We suggest that when running the examples, you run each one separately so as not to lose track of which example produced which result. Some of the examples rely on statements earlier in the script, so if you skip ahead you may get errors.

In order to demonstrate certain aspects and limitations of automated reasoning, some of the examples purposely fail by raising an exception; others may take several minutes, hours, or days to run -- if they terminate at all. In both cases, these examples are identified by comments in the scripts so you will know this is the expected behavior.

Each of the examples fall into one of the following categories (with the associated special comment, if applicable):

  1. Completes successfully in <10 seconds.

No special comment. Most examples fall into this category.

  1. Completes successfully in >5 minutes.

Includes a comment with the result of the

directive when the example is run on an average machine. For example:
  // Real: 00:04:35.586, CPU: 00:04:31.718, GC gen0: 5020, gen1: 137, gen2: 9
 Note: F# Interactive #time directive either truncates or wraps values when the time is > 24 hours.
  1. Runs for an unknown or infinite length of time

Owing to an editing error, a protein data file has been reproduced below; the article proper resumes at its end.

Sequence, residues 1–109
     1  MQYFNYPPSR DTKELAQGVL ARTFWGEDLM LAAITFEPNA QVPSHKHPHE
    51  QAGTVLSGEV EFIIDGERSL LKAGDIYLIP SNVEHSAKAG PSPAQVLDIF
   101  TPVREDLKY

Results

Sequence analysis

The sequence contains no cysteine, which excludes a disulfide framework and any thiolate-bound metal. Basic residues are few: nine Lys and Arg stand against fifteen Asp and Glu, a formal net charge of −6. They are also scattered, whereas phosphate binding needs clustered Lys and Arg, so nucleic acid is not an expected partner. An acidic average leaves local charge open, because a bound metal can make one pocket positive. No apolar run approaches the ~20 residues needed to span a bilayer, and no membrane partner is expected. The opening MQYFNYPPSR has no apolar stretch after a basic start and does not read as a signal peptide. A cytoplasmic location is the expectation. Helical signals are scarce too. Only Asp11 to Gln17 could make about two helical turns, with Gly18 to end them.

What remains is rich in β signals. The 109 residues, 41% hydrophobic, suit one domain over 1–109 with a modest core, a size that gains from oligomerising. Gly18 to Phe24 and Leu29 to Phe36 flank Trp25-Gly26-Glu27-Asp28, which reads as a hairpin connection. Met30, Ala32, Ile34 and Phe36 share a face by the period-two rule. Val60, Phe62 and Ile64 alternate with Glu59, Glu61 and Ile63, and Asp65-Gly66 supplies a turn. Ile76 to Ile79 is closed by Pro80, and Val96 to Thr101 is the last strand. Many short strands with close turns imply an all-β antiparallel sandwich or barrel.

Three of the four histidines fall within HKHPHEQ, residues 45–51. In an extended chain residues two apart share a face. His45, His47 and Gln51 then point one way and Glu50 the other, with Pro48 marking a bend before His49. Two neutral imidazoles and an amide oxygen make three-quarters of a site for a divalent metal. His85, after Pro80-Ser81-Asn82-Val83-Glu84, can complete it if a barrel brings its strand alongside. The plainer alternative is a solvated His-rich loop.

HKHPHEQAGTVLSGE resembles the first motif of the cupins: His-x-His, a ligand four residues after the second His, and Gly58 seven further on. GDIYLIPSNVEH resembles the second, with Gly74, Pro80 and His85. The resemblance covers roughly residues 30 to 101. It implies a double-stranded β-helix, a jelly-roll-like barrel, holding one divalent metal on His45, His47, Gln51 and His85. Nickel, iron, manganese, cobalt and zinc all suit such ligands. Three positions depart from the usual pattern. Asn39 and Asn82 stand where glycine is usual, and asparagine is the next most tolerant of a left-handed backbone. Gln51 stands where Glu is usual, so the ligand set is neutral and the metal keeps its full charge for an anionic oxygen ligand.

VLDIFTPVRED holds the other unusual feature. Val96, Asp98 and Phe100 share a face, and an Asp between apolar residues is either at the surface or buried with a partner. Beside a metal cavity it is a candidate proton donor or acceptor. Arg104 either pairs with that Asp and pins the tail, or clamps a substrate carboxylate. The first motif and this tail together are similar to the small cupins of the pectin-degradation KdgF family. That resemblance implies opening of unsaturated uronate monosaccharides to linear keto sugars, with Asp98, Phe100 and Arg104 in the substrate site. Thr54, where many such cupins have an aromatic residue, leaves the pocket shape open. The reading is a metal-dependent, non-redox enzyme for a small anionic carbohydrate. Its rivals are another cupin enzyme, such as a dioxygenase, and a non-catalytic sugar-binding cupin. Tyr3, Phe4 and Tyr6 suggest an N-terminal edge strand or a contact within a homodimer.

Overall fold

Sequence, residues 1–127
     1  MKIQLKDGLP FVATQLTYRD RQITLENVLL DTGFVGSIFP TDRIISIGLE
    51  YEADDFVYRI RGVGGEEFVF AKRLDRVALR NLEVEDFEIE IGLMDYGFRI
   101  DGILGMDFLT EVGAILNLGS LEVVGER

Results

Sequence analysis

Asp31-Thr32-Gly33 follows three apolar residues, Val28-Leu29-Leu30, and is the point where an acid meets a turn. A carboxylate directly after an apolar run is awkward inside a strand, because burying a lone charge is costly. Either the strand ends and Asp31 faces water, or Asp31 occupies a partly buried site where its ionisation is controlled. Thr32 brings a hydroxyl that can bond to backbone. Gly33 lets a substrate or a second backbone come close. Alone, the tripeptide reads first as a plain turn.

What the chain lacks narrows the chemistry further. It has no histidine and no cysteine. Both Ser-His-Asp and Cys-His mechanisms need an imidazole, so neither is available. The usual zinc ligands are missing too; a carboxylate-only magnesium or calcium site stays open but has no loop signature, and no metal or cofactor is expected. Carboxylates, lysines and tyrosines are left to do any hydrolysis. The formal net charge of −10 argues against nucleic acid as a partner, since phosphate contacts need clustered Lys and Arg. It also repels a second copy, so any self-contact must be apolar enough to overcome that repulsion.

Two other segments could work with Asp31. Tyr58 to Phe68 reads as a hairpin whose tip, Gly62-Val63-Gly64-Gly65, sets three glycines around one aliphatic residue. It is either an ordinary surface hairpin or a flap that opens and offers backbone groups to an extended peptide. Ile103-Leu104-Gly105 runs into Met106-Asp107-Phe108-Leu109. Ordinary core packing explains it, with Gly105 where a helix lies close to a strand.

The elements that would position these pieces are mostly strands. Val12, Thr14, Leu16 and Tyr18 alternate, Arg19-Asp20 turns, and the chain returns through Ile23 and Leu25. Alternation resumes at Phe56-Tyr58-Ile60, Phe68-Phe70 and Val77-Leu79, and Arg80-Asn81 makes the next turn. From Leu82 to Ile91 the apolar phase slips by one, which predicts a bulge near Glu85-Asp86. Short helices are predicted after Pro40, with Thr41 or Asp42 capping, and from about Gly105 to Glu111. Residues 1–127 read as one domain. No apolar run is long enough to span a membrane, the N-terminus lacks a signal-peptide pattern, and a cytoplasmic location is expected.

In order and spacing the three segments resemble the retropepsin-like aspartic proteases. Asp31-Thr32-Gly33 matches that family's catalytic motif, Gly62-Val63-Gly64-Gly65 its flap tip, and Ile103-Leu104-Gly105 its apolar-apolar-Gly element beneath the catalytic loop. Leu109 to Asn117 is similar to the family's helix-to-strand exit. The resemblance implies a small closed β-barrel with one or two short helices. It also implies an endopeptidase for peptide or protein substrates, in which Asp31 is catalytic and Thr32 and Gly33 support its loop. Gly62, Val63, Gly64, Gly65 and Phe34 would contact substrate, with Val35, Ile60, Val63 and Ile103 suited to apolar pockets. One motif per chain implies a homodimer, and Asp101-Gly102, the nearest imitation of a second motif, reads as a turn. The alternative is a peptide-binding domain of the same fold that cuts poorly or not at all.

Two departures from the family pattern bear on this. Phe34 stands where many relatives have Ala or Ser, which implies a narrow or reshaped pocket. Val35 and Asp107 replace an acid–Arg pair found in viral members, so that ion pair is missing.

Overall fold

Some examples take a very long time to run. These are marked with the comment

  1. Failure

Marked with a comment noting the expected reason for failure.

  1. Exception

Examples that raise a non-Failure exception; marked with a comment noting the expected type of the exception.

Notable differences between the OCaml and F# code

  • In a few places, errors are handled using the

    type instead of exceptions. This is because:
    • Exceptions in F#/.NET are much slower than in OCaml
    • Recursive functions which throw and/or catch exceptions don't play nicely with type inference (in both F# and OCaml); the output type of such functions cannot be unified, so it will always be shown as a generic parameter (e.g.,
      ) instead of the true output type of the function (e.g.,
      ). These functions also make it extremely difficult to locate the source of an error.
  • Preprocessors such as camlp4 / camlp5 don't exist for F#. The original OCaml code for the book uses

    quotations (
    ) to transparently call the parsing functions for formula and term strings. Our F# code adds explicit calls to the parsing functions; as such, no uses of
    appear in the F# code.


    (* OCaml *)
    // F#
    parse_exp "x + 3 * y";;
    (* OCaml *)

    q <=> r /\ s \/ (t <=> ~ ~u /\ v)>>;;

    // F#
    parse_prop_formula "p ==> q <=> r /\ s \/ (t <=> ~ ~u /\ v)";;
  • Duplicate names are avoided. Since OCaml shadows names and F# does not allow duplicate names, any function name causing a duplicate name error will have the name appended with an increasing sequential number.

    (* OCaml *)
    let a = ...;;
    let a = ...;;
    let a = ...;;
    // F#
    let a001 = ...;;
    let a002 = ...;;
    let a003 = ...;;